I had this fruit and vegetable quit top I made a few years ago when I worked for the National 5 A Day for Better Health Program. My thinking at the time was that I would hang it in my office. I made the top and never got around to quilting it. In the meantime, I moved on to work for a different program, and 5 A Day morphed into the Fruits and Veggies; More Matters campaign. So what to do with the quilt top? I didn't really want to quilt it. And once I got it quilted, I wasn't sure what I was going to do with it. It was too small to be a charity quilt and I was not interested in hanging on the wall. The problem was that the quilt was no longer speaking with my voice. It's a fine quilt. But if I was going to make this quilt today, it wouldn't look like this. 5 A Day has moved on and so have I.
I don't want UFO's hanging around my studio judging me. If they are not going to be finished, they are going to be repurposed. So I decided to make it into a binder cover. My husband tricked me into cleaning out my cooking magazines by saying that if I had fewer magazines, I could have more cookbooks. So I tore out the recipes I wanted and put them into page protectors. I always intended to cover the binder with fabric or a collage. I even bought the book, "Fast, Fun and Easy Book Cover Art" with the magazine project in mind. Halfway through basting the fruit and vegetable quilt top I thought, "I could use this for the binder cover".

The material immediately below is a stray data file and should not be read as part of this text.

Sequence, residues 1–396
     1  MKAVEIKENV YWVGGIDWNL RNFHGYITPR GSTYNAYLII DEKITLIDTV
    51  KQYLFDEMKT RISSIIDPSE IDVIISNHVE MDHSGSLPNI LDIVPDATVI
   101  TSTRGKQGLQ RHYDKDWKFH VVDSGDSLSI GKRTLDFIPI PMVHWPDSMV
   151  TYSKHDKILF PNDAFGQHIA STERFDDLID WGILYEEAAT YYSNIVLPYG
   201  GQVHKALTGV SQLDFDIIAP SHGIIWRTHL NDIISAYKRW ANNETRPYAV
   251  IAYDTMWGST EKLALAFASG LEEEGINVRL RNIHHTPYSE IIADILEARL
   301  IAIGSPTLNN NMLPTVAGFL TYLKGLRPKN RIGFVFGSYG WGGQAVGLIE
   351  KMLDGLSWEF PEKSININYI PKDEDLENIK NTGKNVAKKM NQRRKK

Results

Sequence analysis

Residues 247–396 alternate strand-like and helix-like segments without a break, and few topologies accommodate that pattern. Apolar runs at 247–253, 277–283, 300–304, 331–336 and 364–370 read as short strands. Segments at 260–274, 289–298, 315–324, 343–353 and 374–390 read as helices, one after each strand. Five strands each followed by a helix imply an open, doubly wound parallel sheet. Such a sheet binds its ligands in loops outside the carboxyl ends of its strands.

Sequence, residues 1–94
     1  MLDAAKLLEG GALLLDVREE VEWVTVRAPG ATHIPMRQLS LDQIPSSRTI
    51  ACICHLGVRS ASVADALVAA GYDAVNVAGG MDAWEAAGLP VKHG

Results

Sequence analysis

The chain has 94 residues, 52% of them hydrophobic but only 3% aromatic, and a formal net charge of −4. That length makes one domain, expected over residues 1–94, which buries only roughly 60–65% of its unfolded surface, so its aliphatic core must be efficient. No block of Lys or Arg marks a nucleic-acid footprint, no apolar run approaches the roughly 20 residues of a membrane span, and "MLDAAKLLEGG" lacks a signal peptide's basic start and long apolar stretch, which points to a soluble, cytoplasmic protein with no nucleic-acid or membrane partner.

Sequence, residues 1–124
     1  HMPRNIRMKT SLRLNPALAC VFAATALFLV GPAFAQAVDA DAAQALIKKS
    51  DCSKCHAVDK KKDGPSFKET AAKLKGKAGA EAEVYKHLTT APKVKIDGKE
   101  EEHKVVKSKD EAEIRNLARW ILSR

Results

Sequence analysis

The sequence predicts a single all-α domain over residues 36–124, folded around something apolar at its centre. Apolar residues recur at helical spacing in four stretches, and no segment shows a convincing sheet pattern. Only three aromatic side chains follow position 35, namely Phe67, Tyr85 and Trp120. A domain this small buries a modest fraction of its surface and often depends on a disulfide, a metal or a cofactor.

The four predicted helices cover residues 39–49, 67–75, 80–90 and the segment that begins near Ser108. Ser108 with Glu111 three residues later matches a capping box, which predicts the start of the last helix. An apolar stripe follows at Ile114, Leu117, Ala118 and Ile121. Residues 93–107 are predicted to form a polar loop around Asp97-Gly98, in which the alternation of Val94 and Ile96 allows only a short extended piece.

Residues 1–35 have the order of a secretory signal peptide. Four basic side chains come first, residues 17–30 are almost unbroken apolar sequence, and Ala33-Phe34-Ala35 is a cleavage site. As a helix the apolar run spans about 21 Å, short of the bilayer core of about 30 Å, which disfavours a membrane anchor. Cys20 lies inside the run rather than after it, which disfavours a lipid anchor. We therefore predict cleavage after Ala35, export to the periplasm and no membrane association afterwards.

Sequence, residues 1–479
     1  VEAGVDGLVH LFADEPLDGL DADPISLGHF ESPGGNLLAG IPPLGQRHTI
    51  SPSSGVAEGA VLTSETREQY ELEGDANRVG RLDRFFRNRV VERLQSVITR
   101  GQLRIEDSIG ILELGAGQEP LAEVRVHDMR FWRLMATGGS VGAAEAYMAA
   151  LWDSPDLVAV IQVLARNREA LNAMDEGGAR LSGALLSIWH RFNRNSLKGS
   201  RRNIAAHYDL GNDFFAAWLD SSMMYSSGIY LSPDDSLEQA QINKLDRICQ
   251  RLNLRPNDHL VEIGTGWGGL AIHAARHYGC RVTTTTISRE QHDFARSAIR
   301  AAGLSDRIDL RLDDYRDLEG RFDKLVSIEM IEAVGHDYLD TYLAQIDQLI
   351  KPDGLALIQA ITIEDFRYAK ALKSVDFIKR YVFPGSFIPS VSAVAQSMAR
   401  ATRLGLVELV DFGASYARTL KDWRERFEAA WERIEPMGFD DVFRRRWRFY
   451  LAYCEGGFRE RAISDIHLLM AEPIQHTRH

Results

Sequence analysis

When I was in elementary school, we used to get these exercises where you would start with a word, and then by following the directions, like "cross out all the vowels", and "replace the r's with a's", you would end up with a different word. I rocked the following directions exercise. Somewhere along the way - either in college or grad school - I lost the ability to follow directions. Maybe I stood too close to the speakers at the Palladium. Maybe that research design class burned out some synapses. I don't know. But I managed to bungle almost every step of making this thing. I drew the pattern wrong, I drew it on the wrong side of the interfacing, I didn't get how to put the sleeves on and just made it up, and I managed to break or bend 4 sewing machine needles. And yet, I got the thing together and had fun doing it. It is important to be able to follow directions. It is equally important to be able to improvise. And I think that it is a credit to Jake Finch that even if you don't follow her directions exactly, you can still complete the project.
There is still a nice hunk of the old quilt top left. I think I'm going use the rest to make an apron. Somehow, I've been infected with the apron making bug that seems to be going around. It would be cool to have an apron that matched my recipe file. By the way, I don't follow the directions on recipes either.